3. Koehn, F. E.; Carter, G. T. (2005). "The evolving role of natural products in drug discovery". Nature Reviews Drug Discovery. 4 (3): 206–220. doi:10.1038/nrd1657. PMID 15729362.
  4. Wawrik, B.; Kerkhof, L.; Zylstra, G. J.; Kukor, J. J. (2005). "Identification of Unique Type II Polyketide Synthase Genes in Soil". Applied and Environmental Microbiology. 71 (5): 2232–2238. doi:10.1128/AEM.71.5.2232-2238.2005. PMC 1087561. PMID 15870305.
  5. Von Nussbaum, F.; Brands, M.; Hinzen, B.; Weigand, S.; Häbich, D. (2006). "Antibacterial Natural Products in Medicinal Chemistry—Exodus or Revival?". Angewandte Chemie International Edition. 45 (31): 5072–5129. doi:10.1002/anie.200600350. PMID 16881035.
  6. Castoe, T. A.; Stephens, T.; Noonan, B. P.; Calestani, C. (2007). "A novel group of type I polyketide synthases (PKS) in animals and the complex phylogenomics of PKSs". Gene. 392 (1–2): 47–58. doi:10.1016/j.gene.2006.11.005. PMID 17207587.
  7. Ridley, C. P.; Lee, H. Y.; Khosla, C. (2008). "Chemical Ecology Special Feature: Evolution of polyketide synthases in bacteria". Proceedings of the National Academy of Sciences. 105 (12): 4595–4600. doi:10.1073/pnas.0710107105. PMC 2290765. PMID 18250311.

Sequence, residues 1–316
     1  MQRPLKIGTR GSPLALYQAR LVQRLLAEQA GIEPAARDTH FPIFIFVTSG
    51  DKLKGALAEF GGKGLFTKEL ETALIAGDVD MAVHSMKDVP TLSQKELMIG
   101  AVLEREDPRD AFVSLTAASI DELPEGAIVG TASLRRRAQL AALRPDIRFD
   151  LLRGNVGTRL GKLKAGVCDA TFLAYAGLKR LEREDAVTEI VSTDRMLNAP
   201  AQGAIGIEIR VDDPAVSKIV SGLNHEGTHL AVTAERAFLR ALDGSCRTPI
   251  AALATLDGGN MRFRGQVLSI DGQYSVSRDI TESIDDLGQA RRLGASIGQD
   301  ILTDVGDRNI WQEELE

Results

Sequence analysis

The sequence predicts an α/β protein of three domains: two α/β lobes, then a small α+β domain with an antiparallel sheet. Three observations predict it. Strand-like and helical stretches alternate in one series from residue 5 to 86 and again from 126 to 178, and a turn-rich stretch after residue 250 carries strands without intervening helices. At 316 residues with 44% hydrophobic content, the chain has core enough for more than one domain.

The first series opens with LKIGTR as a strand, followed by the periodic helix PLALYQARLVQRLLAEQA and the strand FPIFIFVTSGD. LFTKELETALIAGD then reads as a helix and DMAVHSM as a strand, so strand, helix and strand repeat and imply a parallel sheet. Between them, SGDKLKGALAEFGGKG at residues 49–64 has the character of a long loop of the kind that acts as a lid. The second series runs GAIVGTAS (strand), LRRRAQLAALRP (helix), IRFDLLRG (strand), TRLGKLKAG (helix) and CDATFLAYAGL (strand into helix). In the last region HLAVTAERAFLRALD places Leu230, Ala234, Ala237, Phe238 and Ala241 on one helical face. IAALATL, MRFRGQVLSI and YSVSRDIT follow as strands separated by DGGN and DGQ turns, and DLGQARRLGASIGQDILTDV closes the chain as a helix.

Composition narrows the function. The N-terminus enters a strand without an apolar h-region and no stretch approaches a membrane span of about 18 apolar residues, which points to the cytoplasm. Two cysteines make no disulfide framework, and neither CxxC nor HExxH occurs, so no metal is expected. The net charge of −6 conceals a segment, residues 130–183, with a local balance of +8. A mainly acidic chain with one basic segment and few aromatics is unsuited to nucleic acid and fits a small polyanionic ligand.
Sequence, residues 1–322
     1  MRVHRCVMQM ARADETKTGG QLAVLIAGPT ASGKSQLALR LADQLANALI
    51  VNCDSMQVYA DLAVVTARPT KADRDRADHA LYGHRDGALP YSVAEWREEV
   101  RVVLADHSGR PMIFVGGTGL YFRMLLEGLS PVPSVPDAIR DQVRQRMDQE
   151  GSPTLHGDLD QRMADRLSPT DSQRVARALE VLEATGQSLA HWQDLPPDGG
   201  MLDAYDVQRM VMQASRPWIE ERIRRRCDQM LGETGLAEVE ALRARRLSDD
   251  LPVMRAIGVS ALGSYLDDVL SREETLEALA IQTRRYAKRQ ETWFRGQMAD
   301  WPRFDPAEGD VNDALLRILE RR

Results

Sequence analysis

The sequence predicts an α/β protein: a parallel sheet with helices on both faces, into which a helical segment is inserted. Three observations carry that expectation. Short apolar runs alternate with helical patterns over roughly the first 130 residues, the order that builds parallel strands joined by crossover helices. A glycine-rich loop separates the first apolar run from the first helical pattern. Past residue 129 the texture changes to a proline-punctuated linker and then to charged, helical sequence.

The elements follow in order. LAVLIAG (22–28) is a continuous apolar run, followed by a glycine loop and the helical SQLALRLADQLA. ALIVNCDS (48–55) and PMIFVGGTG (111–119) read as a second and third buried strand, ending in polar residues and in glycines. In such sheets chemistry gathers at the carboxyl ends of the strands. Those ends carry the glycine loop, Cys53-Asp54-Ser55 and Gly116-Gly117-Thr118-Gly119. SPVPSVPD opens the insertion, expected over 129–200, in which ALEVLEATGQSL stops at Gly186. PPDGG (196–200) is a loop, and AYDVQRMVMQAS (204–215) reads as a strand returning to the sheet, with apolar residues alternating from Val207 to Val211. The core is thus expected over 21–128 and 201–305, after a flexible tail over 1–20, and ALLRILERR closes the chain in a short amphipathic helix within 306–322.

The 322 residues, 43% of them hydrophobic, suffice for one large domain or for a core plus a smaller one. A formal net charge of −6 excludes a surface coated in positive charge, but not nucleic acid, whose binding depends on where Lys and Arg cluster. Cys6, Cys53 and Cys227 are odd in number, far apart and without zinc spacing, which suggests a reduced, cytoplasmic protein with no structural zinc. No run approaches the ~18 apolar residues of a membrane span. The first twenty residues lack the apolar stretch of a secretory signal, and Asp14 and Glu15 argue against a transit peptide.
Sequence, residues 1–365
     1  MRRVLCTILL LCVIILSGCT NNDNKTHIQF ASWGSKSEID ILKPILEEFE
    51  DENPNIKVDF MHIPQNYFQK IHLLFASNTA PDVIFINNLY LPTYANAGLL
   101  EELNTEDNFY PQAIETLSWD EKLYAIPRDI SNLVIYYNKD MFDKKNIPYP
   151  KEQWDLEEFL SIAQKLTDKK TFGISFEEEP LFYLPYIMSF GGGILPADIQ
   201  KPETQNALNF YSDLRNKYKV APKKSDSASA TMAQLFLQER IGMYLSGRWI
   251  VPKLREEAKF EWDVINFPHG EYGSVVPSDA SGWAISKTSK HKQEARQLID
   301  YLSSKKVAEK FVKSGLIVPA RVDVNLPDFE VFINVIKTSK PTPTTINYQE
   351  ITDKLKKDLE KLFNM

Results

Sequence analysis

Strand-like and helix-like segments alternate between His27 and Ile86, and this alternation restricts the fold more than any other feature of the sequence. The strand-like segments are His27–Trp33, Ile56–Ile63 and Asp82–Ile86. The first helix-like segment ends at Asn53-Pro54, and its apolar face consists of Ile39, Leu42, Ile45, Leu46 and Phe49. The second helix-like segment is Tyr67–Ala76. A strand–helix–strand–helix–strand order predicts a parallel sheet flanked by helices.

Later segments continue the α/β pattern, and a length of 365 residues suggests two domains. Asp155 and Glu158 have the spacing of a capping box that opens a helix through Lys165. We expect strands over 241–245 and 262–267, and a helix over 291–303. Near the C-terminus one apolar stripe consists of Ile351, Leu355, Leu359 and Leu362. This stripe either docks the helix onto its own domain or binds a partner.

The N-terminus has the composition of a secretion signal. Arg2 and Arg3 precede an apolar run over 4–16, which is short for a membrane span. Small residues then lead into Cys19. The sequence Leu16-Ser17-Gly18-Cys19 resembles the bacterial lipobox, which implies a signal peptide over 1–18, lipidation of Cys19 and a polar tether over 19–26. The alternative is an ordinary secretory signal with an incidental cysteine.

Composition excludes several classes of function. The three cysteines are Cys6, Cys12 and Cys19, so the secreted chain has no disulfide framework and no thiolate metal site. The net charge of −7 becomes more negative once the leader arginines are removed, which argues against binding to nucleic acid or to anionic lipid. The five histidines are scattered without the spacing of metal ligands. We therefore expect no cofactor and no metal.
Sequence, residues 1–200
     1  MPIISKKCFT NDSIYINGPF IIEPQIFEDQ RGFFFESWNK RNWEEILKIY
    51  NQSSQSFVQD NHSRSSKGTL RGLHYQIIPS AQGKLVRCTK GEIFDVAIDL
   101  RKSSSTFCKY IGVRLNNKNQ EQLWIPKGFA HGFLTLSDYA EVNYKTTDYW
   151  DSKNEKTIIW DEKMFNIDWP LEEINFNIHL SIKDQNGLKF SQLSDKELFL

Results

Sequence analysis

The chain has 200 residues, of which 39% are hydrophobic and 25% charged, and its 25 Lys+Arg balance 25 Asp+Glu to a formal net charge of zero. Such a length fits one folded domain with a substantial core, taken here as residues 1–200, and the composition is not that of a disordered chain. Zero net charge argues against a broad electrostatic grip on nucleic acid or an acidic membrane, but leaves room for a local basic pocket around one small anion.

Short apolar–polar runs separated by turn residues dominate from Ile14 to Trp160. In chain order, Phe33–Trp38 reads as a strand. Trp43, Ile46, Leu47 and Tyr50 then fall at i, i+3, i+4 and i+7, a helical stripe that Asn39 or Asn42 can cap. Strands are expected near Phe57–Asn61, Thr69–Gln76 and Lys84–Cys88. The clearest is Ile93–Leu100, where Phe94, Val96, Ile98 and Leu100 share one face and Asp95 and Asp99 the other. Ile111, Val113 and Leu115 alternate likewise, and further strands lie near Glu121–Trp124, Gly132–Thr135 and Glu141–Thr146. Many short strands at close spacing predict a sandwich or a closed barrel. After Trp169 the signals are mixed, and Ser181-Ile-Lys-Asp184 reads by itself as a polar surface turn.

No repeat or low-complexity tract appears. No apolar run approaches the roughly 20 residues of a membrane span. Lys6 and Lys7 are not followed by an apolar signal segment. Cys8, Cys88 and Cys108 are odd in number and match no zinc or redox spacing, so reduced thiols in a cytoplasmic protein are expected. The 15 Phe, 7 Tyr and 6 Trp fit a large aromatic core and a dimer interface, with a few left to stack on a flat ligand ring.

8. Metsä-Ketelä, M.; Salo, V.; Halo, L.; Hautala, A.; Hakala, J.; Mäntsälä, P.; Ylihonko, K. (1999). "An efficient approach for screening minimal PKS genes from Streptomyces". FEMS Microbiology Letters. 180 (1): 1–6. doi:10.1016/S0378-1097(99)00453-X. PMID 10547437.
  9. Wawrik, B.; Kutliev, D.; Abdivasievna, U. A.; Kukor, J. J.; Zylstra, G. J.; Kerkhof, L. (2007). "Biogeography of Actinomycete Communities and Type II Polyketide Synthase Genes in Soils Collected in New Jersey and Central Asia". Applied and Environmental Microbiology. 73 (9): 2982–2989. doi:10.1128/AEM.02611-06. PMC 1892886. PMID 17337547.